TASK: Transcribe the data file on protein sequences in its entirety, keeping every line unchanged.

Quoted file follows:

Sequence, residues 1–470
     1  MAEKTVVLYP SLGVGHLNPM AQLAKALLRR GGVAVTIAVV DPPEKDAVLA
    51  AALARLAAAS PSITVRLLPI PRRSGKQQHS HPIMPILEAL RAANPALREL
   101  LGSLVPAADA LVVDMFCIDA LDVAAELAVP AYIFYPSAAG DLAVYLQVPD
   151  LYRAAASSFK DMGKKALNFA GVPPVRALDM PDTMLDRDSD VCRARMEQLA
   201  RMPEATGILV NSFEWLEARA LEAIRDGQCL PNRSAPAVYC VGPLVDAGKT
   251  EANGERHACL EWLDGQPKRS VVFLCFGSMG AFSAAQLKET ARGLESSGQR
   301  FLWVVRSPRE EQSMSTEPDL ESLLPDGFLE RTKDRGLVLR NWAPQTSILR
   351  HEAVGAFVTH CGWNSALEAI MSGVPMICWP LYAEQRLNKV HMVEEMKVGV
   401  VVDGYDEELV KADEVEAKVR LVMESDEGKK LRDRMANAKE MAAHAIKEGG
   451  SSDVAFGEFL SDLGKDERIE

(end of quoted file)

Sequence, residues 1–470
     1  MAEKTVVLYP SLGVGHLNPM AQLAKALLRR GGVAVTIAVV DPPEKDAVLA
    51  AALARLAAAS PSITVRLLPI PRRSGKQQHS HPIMPILEAL RAANPALREL
   101  LGSLVPAADA LVVDMFCIDA LDVAAELAVP AYIFYPSAAG DLAVYLQVPD
   151  LYRAAASSFK DMGKKALNFA GVPPVRALDM PDTMLDRDSD VCRARMEQLA
   201  RMPEATGILV NSFEWLEARA LEAIRDGQCL PNRSAPAVYC VGPLVDAGKT
   251  EANGERHACL EWLDGQPKRS VVFLCFGSMG AFSAAQLKET ARGLESSGQR
   301  FLWVVRSPRE EQSMSTEPDL ESLLPDGFLE RTKDRGLVLR NWAPQTSILR
   351  HEAVGAFVTH CGWNSALEAI MSGVPMICWP LYAEQRLNKV HMVEEMKVGV
   401  VVDGYDEELV KADEVEAKVR LVMESDEGKK LRDRMANAKE MAAHAIKEGG
   451  SSDVAFGEFL SDLGKDERIE